Until everyone gets the vaccine, you might find value in this article by Angela Betsaida B. Laguipo, BSN.
The coronavirus disease (COVID-19) pandemic has rapidly spread worldwide, infecting over 64.50 million people across 191 territories. Caused by the severe acute respiratory syndrome coronavirus 2 (SARS-CoV-2), the infection has already claimed more than 1.49 million lives.
The coronavirus pandemic is by far the worst global health crisis in the past century. The magnitude of the disease’s spread stemmed from the number of people who traveled early in 2020 when there were still only a few cases of COVID-19. Of all the victims of the virus, older adults and those with underlying health issues are the most vulnerable and are more likely to develop severe symptoms.
Currently, there is no approved drug that is safe and effective in mitigating severe or critical COVID-19. Many health experts have recommended repurposing old antivirals – like remdesivir and dexamethasone – to reduce the risk of developing severe illness. More recently, some have recommended melatonin as a potential therapeutic that can inhibit SARS-CoV-2 infection.
A team of researchers at the University of Toronto in Canada has found that melatonin can be an adjuvant to augment the efficacy of anti-SARS-CoV-2 vaccines. They believe that the drug is a potential “silver bullet” to combat the COVID-19 pandemic.
Study: Can Melatonin Be a Potential “Silver Bullet” in Treating COVID-19 Patients?
Image Credit: Michelle Lee Photography / Shutterstock
Melatonin and COVID-19
In the study, which was published in the journal Diseases, the scientists discussed the potential benefit of melatonin for COVID-19 patients. They discussed evidence implying that melatonin prevents SARS-CoV-2 infection, has anti-inflammatory, immunoregulatory, and antioxidant properties, counteracts chronodisruption, and combats many comorbidities, including metabolic syndrome, diabetes, and cardiovascular diseases.
The SARS-CoV-2 pathogen enters the cells via the angiotensin-converting enzyme 2 (ACE2) receptor in the lungs and other organs in the body. The virus’s spike glycoprotein on its surface docks onto the ACE2 dimer to infiltrate the host cell and commence viral replication.
Previous studies suggest that melatonin may be an effective antiviral agent amid the coronavirus pandemic. In one study, the researchers found that a drug combination of melatonin and mercaptopurine effectively hits the HCoV-host subnetwork and was recommended as a possible drug combination for SARS-CoV-2 infection.
Another possible way melatonin may regulate viral infection is related to its effective binding and inhibition of calmodulin, which regulates the surface expression and retention of ACE2 in the plasma membrane.
Anti-inflammatory and antioxidant properties
Apart from preventing infection with SARS-CoV-2, melatonin has also been noted for its anti-inflammatory, immunoregulatory, and antioxidant properties.
Melatonin applies anti-inflammatory effects through sirtuin-1, which inhibits the polarization of macrophages towards the proinflammatory type. Further, the drug decreases the proinflammatory cytokines, which have been tied to severe COVID-19 disease.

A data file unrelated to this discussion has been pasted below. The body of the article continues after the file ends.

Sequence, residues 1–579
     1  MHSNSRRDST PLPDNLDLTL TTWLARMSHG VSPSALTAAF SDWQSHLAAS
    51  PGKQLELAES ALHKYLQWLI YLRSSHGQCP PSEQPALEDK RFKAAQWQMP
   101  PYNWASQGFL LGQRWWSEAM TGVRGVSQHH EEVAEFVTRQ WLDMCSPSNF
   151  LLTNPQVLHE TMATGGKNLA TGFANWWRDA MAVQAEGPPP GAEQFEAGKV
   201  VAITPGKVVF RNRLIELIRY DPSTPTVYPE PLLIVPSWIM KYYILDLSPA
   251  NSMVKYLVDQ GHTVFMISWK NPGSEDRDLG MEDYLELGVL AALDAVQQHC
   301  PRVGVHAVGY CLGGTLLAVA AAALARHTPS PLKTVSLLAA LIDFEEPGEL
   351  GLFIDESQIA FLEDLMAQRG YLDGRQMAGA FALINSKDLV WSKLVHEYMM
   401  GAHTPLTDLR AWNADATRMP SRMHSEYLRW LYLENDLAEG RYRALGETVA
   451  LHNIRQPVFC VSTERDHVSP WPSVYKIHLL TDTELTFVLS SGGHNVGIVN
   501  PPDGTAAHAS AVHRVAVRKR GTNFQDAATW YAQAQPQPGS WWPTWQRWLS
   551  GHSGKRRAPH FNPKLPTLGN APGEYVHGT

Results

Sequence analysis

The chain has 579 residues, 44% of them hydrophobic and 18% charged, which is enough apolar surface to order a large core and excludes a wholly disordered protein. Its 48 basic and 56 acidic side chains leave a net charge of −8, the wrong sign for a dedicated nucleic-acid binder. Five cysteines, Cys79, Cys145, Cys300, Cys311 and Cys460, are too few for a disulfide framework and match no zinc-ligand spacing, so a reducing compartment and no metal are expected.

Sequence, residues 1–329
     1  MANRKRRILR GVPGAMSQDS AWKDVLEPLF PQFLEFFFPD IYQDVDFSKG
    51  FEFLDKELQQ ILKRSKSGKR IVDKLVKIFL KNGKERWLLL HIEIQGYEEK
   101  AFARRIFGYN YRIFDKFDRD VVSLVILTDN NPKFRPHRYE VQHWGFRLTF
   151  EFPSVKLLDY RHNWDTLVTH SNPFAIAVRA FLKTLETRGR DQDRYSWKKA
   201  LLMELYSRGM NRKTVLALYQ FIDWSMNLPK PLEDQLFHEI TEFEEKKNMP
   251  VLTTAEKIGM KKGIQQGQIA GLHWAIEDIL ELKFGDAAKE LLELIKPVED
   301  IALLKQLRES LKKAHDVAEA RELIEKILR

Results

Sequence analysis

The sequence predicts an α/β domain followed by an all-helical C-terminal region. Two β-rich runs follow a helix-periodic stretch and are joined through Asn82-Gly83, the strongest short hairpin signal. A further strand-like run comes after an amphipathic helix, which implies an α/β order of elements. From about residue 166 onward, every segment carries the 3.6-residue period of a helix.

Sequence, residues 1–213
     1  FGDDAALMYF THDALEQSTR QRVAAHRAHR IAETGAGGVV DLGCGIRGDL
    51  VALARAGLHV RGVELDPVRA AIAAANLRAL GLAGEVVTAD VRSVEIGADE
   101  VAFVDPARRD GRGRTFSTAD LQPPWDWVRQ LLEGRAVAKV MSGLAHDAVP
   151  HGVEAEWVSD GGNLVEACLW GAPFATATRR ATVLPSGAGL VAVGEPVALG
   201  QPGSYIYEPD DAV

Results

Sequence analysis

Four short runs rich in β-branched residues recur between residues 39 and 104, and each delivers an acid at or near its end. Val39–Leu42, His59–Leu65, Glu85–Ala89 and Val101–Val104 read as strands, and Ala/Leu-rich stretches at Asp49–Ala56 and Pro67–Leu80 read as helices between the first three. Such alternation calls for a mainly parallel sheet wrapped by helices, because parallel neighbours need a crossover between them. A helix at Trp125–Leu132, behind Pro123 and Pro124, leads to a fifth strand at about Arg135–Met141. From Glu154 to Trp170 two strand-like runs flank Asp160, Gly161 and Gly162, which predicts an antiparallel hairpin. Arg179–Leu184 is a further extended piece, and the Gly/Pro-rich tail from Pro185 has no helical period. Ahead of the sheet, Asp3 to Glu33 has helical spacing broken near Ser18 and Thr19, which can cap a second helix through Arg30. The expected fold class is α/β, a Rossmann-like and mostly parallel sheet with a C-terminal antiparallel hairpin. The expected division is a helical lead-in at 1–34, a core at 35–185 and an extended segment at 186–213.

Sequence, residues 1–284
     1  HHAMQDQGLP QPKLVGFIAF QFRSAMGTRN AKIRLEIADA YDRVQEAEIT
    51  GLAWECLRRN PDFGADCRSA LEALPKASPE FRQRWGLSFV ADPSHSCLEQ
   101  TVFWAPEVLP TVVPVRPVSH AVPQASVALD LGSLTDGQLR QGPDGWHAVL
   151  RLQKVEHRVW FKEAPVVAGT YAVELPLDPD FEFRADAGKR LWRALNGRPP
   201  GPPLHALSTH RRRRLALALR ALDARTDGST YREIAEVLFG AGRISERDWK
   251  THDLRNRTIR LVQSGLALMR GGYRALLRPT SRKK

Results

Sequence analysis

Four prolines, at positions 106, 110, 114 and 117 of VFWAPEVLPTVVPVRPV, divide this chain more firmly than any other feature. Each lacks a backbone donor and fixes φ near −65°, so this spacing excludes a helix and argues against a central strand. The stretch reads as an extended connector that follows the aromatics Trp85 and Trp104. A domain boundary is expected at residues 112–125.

The drug has antioxidant properties as it acts as a free radical searcher; it is metabolized to compounds with high antioxidant activity, and triggers the synthesis of antioxidant enzymes.
Chronobiotic and cytoprotective agent
Apart from reducing inflammation and cytokine levels, melatonin is also a chronobiotic and cytoprotective agent. A chronobiotic agent is a drug that affects the physiological regulation of the body clock, which can correct a desynchronized circadian rhythm. Regulating and maintaining a stable body clock is important to boost energy levels and the immune system.
Melatonin is also a cytoprotective agent, which can help combat the common comorbidities that can heighten the risk of severe COVID-19. These include diabetes, metabolic syndrome and ischemic cardiovascular disease.
Lastly, melatonin also provides neuroprotection for COVID-19 patients. Some of the common symptoms of COVID-19 patients experience include loss of smell, paralysis, stroke, cranial nerve deficits, delirium, meningitis, seizures, and encephalopathy.
“Melatonin as a potential “silver bullet” in the COVID 19 pandemic, as exemplified in the brain. Melatonin has possible antiviral activity by interfering with SARS-CoV-2/angiotensin-converting enzyme 2 association,” the researchers explained.
In a nutshell, melatonin is a potent drug that can be used in treating COVID-19 patients. It is an antioxidant, anti-inflammatory, and immunomodulatory compound that impairs the complications of COVID-19.
Also, melatonin is an effective chronobiotic agent that reverses disruptions in the circadian rhythm. As a neuroprotective agent, it helps prevent the neurological effects of COVID-19, including cognitive decay and brain fog.
Older people have lower levels of circulating melatonin in the body, explaining why some may be more likely to suffer from severe symptoms.
Viruses can induce an increase in inflammatory cytokines, and since older adults have low levels of melatonin, they will have impaired immunity.
“Therefore, the use of the very safe drug melatonin in adequate doses can prevent the development of severe disease symptoms in coronavirus patients, reduce the severity of their symptoms, and reduce the immuno-pathology of coronavirus infection on patients’ health after the active phase of the infection is over,” the researchers explained.
Further, the team noted that melatonin could be used as an adjuvant for future vaccines since it helps prevents reinfection.
Article written by Angela Betsaida B. Laguipo, BSN.
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